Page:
To begin, I have to mention that RAW files are are not photographs – they hold the building blocks for making photographs.  Think of them as digital negatives.  Back in the film days, you’d take your roll of film to the lab and you’d get back little strips of negative film along with your prints.  RAW files are like those negative strips – they can be used to make prints (or digital images) but they first need a bit of work.  It is also worth pointing out that the term RAW file(s) is a generic one and it doesn’t have a set file extension.  Depending on your camera’s manufacturer, your RAW files may have the .CRW, .CR2, .NEF, .DNG, or something else completely.  It doesn’t matter what kind of file you have, the things that I’m writing about here apply to all RAW files so if your camera can generate them, then this post applies to you.

Of course, that’s kind of a big if – not all cameras have the ability to output RAW files however all cameras can generate jpegs and there’s something  to be said about that universal format.  The biggest pro for the jpeg format is that it is a ready to go file.  When the photo is made, the camera applies settings that give the image contrast, a boost in saturation, sharpness, and more – basically it does everything the camera engineers determined you would want the camera to do for you so that you can print it or share it on the web without any fuss.  The downside?  Some engineering team that doesn’t know the first thing about you or your scene decided for you how you want your photograph to look.  Did they get it right?  Maybe so – they are pretty clever and they do know what people like in an image but as with anything in life, a one size fits all solution is rarely the right answer for every problem.

Spring is not an engineer - she just plays one in this post.

Spring is concentrating on today’s lesson.

RAW files on the other hand only offer a suggestion of what an image might become.  All digital cameras record the number and intensity of the photons hitting the sensor chip.  If you order up a jpeg file, then the camera will take that raw information and it will stamp in all of the presets to create a final usable image. I’ve already mentioned some of those presets determined by the engineers, but your choices are also included in that file including decisions on exposure and white balance setting.  RAW files on the other hand are pretty much served to you as the information is received with a side helping of suggested settings.  Those files have the record of light hitting the sensor of course but they also embed things like the white balance and exposure settings so that the software you use has a starting point.  The software then applies a secret recipe of its own to decode the raw data (more clever engineers) but unlike what happens in the camera, the image is left incomplete and it is up to the photographer to decide how the final image will look.  The flexibility of this format allows you to increase or decrease the exposure, change the white balance setting after the fact, change the color saturation, and even change one color to another (see below)- all without ruining the image quality (well, you can ruin it if you try hard enough).  Sure you can make some of those same changes to a jpeg file, but NO WHERE NEAR to the same extent as the RAW file.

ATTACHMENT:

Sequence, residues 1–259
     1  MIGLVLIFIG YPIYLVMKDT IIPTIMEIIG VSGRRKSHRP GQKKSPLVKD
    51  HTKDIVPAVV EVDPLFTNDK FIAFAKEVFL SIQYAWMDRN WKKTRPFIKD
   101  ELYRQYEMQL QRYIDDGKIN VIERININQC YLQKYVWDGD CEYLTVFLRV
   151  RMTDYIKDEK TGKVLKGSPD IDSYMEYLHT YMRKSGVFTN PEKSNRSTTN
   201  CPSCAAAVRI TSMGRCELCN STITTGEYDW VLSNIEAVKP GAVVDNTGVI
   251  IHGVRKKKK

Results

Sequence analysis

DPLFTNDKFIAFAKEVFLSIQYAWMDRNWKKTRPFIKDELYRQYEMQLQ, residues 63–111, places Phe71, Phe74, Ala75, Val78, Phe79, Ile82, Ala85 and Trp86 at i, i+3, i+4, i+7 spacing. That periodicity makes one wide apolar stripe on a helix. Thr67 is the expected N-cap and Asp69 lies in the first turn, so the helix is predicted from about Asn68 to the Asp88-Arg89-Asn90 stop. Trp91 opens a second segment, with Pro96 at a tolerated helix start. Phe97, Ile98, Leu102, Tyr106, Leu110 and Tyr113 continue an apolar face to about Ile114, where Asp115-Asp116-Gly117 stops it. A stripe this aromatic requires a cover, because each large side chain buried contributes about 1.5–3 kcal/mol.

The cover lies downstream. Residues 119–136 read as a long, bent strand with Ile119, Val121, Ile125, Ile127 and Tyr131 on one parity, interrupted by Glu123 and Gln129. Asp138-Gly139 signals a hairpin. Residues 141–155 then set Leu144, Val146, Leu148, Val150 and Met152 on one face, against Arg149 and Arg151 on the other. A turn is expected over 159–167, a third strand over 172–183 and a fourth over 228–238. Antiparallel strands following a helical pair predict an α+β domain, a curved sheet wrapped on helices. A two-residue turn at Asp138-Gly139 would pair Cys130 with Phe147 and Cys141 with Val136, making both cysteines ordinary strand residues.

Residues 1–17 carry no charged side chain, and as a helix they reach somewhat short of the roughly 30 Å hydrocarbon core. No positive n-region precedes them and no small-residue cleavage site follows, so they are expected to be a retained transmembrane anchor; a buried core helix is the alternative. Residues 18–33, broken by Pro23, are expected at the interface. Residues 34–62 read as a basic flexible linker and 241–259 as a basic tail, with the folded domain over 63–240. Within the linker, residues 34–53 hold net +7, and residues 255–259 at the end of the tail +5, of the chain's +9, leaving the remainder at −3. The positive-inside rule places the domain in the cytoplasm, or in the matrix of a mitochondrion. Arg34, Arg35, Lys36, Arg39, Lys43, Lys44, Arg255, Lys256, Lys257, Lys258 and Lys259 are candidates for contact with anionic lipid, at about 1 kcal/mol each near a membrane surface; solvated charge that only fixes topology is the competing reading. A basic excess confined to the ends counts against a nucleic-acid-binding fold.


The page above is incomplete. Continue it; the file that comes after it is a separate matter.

See how easy it is to change the colors?

So I’m going to leave it at that but I want to share with you a pair of videos to show you how these RAW files can be worked on in post-processing to bring that digital negative to to the point where it can be shared with the world.  In the first video, I talk at length (about 15 minutes) about the workflow process.  If you don’t have the patience to watch that one, you can just see the edit in action in the second video (same image – just no talking to slow you down).  Let me know what you think and if you have any questions.


Blah, blah, blah version.

Wow, that was quick version.